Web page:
This summer’s Women’s World Cup will be played on artificial surfaces, rather than natural grass, after a group of international women’s soccer stars withdrew their gender discrimination lawsuit against FIFA and the Canadian Soccer Association.

The players’ lawsuit, filed in the Human Rights Tribunal of Ontario, accused FIFA and the CSA of gender discrimination, arguing that elite men’s teams would never be forced to play on artificial turf.  Every Men’s World Cup since 1930 has been played on natural grass.  The players also noted that artificial turf will increase injury risk and change how games are played

Fighting FIFA was always an uphill battle for the more than 80 players, including U.S. star and all-time international scorer Abby Wambach, who originally brought the legal action.  Beyond having access to greater resources, FIFA and CSA tactics against the players allegedly included threatening players with suspension. A judge found FIFA’s alleged threats credible enough to allow the lawsuit to be amended to add reprisals against FIFA to the complaint.  However, the tribunal refused to expedite the players’ suit and FIFA appeared unwilling to compromise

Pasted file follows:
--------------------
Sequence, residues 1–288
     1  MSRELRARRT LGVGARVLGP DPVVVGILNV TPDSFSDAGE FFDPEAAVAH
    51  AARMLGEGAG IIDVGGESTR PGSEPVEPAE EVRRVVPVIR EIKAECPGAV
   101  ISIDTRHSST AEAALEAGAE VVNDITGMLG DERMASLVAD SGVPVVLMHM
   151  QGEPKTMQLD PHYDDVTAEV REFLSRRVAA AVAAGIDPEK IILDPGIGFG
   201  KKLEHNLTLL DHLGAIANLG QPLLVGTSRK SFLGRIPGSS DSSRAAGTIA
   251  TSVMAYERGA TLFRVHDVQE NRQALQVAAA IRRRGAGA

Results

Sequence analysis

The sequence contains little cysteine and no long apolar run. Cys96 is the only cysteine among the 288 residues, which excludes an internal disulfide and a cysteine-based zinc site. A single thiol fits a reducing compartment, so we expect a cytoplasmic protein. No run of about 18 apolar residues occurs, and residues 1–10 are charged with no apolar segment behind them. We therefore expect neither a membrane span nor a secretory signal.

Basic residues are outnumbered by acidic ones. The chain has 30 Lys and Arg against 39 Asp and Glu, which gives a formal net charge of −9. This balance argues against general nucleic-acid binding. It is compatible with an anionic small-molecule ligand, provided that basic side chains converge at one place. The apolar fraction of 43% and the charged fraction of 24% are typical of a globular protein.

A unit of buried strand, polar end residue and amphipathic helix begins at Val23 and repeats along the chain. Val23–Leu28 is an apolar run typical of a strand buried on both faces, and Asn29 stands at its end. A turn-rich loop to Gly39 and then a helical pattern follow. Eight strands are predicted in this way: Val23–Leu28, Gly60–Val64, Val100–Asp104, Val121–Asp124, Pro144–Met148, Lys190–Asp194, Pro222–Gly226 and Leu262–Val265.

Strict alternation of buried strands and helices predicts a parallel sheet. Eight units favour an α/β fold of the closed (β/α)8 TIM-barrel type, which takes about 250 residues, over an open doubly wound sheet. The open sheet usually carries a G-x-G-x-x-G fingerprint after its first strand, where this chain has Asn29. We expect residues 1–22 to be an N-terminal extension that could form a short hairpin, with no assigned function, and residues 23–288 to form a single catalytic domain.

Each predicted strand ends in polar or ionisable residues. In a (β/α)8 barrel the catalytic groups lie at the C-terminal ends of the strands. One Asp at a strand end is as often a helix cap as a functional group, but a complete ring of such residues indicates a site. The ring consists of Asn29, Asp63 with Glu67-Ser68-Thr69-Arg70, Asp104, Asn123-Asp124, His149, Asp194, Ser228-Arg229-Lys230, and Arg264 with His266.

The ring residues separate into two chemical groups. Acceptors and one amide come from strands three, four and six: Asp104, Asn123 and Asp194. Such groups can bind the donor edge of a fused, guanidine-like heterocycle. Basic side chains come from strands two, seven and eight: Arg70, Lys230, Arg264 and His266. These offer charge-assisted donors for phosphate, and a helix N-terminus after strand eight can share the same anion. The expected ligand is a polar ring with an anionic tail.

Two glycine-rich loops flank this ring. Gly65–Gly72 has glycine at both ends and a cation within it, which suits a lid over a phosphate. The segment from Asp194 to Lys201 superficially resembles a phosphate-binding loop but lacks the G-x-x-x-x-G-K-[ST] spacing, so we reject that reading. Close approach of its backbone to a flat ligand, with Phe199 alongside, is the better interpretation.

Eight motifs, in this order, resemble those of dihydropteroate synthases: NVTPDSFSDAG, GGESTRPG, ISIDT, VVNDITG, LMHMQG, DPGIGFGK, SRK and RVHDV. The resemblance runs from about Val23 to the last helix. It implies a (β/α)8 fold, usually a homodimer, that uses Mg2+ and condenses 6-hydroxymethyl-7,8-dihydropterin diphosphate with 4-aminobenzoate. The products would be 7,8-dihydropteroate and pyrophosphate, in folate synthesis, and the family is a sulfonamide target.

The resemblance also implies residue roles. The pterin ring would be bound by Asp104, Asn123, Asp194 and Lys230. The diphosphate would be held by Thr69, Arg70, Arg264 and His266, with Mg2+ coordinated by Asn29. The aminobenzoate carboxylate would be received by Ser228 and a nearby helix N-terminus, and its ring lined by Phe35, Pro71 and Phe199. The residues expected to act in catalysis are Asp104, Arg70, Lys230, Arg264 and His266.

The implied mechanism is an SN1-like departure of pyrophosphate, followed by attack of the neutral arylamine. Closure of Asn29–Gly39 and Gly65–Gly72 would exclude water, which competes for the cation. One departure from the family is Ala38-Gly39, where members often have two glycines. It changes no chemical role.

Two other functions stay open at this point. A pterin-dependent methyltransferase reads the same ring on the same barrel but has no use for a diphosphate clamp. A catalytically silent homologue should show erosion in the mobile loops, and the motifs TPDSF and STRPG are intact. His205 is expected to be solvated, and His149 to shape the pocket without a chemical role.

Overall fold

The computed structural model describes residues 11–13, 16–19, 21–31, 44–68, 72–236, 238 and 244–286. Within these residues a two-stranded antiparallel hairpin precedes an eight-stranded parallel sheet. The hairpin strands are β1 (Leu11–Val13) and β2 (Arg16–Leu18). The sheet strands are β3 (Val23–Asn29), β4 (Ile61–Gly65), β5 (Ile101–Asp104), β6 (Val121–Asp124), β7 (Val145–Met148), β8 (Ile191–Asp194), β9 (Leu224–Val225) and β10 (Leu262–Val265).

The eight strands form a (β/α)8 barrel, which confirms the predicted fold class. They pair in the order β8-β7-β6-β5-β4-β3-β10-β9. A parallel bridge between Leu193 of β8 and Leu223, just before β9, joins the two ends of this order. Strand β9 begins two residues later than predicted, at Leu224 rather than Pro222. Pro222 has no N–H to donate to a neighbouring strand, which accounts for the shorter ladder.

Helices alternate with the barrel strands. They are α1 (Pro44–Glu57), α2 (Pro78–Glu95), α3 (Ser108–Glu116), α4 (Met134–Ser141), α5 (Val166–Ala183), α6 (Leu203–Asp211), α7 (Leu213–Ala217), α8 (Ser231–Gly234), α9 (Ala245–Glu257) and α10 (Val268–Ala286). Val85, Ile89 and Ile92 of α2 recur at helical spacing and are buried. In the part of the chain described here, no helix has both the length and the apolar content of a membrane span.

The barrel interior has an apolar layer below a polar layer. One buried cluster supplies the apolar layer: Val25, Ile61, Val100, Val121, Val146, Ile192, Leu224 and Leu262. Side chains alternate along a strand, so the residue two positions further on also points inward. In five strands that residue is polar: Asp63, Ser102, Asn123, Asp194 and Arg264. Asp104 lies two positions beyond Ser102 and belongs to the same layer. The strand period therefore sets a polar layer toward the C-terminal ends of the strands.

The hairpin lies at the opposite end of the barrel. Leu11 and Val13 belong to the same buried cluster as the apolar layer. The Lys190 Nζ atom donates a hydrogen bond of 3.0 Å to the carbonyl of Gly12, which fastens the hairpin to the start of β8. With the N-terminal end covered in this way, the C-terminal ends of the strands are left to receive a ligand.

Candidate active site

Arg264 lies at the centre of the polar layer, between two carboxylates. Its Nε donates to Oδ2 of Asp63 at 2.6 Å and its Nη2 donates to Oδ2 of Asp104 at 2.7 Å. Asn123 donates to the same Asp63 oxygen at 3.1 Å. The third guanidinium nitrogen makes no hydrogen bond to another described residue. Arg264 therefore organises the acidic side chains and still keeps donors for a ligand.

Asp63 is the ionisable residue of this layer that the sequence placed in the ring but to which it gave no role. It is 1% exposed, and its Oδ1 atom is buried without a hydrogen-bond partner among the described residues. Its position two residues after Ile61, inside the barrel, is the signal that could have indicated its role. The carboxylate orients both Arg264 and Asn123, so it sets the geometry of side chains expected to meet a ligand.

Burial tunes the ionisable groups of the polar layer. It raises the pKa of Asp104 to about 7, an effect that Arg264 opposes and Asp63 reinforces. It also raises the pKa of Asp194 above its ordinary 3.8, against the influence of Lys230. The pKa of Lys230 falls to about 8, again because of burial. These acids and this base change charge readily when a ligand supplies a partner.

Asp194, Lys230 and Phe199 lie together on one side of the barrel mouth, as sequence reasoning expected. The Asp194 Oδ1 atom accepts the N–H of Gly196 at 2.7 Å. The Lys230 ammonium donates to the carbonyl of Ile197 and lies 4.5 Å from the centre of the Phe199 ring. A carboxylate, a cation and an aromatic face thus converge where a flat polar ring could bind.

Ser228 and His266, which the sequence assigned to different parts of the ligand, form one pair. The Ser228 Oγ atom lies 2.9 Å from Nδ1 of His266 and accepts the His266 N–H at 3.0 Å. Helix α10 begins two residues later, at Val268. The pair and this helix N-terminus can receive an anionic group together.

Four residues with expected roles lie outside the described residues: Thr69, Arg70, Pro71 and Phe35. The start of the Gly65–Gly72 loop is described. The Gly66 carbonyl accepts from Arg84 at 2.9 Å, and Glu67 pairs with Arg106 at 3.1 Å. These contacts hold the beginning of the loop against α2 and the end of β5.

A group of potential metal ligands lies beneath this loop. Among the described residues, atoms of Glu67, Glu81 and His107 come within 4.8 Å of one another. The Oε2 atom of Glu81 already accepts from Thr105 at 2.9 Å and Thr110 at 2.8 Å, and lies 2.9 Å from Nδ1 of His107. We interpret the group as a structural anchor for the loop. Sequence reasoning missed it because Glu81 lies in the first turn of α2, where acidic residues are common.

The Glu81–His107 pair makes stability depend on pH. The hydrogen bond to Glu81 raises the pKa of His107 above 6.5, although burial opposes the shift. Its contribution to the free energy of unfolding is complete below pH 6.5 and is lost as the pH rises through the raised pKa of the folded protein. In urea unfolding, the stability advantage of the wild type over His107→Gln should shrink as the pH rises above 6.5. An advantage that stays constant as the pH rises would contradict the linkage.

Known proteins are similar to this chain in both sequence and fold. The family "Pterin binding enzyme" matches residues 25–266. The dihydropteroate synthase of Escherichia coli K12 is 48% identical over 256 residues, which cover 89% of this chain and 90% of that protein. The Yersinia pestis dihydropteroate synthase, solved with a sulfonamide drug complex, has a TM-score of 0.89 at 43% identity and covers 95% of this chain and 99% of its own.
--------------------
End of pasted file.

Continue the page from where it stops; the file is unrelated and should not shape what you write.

In order to allow all teams ample time to prepare for the surfaces, the players dropped the lawsuit.  Playing on soccer’s biggest stage apparently outweighed the risks, and, therefore, they never seriously considered a boycott.

A lawyer for the players, Hampton Dellinger, said the case “highlighted continuing gender inequity in sports and lessened the chance that such wrongdoing will occur in the future.”
“The players’ united, international effort to protest discrimination has had a positive impact,” Dellinger stated. “The deplorable artificial surface at BC Place, the site of the final, will be replaced. Goal-line technology will be used for the first time in a Women’s World Cup and we know that the 2019 World Cup will be held on grass.”

“Our legal action has ended,” Abby Wambach said in a statement. “I am hopeful that the players’ willingness to contest the unequal playing fields — and the tremendous public support we received during the effort — marks the start of even greater activism to ensure fair treatment when it comes to women’s sports.”

The tournament is scheduled to kick off on June 6.